Not all sounds made by animals serve as language,
and we have only to turn to
that extraordinary discovery of echo-location in bats to see a case
in which the
voice plays a strictly utilitarian role.
To get a full appreciation of what this means we must turn first to
human inventions. Everyone knows that if he shouts in the vicinity
of a wall or
a mountainside, an echo will come back. The further off this solid
the longer time will elapse for the return of the echo. A sound made
on the hull of a ship will be reflected from the sea bottom, and by
time interval between the taps and the receipt of the echoes the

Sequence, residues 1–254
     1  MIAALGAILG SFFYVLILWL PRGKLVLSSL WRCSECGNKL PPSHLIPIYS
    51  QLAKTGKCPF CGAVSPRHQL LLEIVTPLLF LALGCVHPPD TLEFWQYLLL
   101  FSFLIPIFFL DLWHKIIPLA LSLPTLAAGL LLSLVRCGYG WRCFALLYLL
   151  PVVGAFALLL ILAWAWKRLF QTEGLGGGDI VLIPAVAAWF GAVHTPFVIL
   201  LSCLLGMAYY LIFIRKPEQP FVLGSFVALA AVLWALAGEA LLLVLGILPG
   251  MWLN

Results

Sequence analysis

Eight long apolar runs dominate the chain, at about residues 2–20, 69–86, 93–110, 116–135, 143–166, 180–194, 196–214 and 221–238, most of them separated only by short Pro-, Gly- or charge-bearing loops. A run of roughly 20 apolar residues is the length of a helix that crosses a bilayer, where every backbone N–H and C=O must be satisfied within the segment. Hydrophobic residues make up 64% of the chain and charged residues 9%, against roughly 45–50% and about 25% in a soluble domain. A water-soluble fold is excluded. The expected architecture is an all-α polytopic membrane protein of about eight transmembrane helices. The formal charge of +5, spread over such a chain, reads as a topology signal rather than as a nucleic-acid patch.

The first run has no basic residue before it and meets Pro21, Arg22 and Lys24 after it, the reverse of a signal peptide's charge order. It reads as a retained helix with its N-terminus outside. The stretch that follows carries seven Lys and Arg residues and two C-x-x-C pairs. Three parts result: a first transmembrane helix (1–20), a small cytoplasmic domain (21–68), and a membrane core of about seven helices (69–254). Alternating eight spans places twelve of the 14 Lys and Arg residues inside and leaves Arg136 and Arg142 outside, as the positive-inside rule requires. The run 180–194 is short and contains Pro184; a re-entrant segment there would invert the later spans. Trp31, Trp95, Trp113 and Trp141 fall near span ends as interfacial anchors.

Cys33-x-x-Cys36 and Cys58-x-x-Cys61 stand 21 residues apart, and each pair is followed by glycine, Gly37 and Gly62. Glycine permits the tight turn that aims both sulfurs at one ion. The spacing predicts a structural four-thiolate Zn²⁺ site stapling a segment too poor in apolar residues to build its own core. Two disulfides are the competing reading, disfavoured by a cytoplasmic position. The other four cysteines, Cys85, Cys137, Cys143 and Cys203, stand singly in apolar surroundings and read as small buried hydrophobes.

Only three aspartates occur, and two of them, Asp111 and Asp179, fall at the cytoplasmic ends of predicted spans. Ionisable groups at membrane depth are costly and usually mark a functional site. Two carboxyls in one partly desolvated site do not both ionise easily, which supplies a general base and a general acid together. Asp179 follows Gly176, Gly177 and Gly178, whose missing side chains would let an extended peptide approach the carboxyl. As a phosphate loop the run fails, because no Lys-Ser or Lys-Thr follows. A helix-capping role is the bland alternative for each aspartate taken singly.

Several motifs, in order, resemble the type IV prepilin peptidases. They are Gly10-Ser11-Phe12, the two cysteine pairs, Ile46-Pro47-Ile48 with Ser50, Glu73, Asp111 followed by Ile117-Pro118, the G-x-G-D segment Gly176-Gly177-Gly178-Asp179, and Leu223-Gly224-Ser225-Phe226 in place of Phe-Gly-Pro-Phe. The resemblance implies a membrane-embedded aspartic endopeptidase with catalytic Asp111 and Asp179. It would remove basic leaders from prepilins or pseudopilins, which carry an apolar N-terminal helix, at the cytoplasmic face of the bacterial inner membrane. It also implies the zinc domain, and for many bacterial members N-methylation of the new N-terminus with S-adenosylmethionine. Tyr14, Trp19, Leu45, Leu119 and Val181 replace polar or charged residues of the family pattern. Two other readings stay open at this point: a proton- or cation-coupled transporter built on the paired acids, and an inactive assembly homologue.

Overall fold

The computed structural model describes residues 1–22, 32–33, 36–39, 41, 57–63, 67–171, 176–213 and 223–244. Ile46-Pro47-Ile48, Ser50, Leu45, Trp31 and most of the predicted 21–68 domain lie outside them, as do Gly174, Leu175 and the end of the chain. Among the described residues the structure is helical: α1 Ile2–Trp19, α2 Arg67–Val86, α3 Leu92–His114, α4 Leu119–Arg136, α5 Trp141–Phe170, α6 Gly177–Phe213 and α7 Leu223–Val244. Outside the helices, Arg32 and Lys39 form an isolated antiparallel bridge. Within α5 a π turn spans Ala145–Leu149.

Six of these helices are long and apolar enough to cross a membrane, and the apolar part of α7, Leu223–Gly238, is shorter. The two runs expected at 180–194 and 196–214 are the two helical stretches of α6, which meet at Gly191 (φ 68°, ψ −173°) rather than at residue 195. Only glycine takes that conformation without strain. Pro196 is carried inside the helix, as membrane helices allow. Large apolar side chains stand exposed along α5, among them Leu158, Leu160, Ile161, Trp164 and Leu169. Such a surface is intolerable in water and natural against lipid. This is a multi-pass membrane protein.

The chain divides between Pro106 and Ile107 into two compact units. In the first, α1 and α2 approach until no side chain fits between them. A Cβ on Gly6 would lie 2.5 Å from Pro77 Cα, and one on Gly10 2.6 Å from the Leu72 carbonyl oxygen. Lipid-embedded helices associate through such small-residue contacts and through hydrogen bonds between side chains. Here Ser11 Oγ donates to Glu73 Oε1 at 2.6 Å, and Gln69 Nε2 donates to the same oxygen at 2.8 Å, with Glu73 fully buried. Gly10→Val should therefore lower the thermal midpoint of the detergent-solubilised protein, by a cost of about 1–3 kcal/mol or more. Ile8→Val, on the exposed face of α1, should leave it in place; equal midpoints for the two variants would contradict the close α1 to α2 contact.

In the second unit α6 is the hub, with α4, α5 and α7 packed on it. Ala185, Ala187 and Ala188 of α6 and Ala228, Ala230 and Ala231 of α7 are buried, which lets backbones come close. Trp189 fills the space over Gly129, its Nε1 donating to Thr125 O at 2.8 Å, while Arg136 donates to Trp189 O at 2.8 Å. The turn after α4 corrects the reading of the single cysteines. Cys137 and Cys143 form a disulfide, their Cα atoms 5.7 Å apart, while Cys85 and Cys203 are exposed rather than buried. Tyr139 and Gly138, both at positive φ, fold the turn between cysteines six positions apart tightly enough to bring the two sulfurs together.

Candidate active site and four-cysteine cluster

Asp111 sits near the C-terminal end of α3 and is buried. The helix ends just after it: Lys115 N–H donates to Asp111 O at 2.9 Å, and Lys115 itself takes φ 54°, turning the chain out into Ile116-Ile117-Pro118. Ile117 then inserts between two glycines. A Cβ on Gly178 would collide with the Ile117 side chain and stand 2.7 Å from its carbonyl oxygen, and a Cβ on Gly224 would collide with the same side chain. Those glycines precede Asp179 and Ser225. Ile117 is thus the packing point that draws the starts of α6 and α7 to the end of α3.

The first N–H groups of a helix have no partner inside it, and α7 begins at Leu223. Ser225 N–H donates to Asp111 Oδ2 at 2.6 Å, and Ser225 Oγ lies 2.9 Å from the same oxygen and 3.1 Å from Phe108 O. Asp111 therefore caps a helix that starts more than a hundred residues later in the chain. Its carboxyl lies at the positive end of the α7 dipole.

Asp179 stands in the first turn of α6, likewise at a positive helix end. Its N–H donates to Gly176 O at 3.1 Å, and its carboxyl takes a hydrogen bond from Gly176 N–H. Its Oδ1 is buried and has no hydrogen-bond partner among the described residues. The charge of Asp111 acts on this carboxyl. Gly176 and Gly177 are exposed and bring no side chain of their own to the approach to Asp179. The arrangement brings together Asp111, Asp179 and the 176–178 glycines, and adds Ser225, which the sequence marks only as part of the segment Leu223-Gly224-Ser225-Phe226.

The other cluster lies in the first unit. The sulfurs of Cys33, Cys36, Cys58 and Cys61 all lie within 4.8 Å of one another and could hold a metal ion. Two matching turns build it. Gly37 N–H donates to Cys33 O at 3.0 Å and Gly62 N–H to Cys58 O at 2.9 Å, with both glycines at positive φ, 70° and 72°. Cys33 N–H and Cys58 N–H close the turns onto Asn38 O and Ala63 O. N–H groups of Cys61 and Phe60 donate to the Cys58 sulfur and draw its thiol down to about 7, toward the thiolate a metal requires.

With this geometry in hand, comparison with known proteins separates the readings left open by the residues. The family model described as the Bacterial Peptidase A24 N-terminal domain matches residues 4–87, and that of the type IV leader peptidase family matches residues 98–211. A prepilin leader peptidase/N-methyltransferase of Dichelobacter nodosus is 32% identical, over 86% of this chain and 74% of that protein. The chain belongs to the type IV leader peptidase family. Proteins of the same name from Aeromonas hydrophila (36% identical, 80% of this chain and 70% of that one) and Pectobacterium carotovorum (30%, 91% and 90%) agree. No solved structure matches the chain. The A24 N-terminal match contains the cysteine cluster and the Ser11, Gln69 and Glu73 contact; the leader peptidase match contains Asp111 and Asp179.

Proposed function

depth of the
sea at that point can be calculated. So was born the echo-sounding
now in general use in ships. Every solid object will reflect a
sound, varying according
to the size and nature of the object. A shoal of fish will do this.
So it is a
comparatively simple step from locating the sea bottom to locating a
fish. With experience, and with improved apparatus, it is now
possible not only
to locate a shoal but to tell if it is herring, cod, or other
well-known fish, by the
pattern of its echo.
A few years ago it was found that certain bats emit squeaks and by
the echoes they could locate and steer clear of obstacles--or locate
on which they feed. This echo-location in bats is often compared
with radar, the
principle of which is similar.
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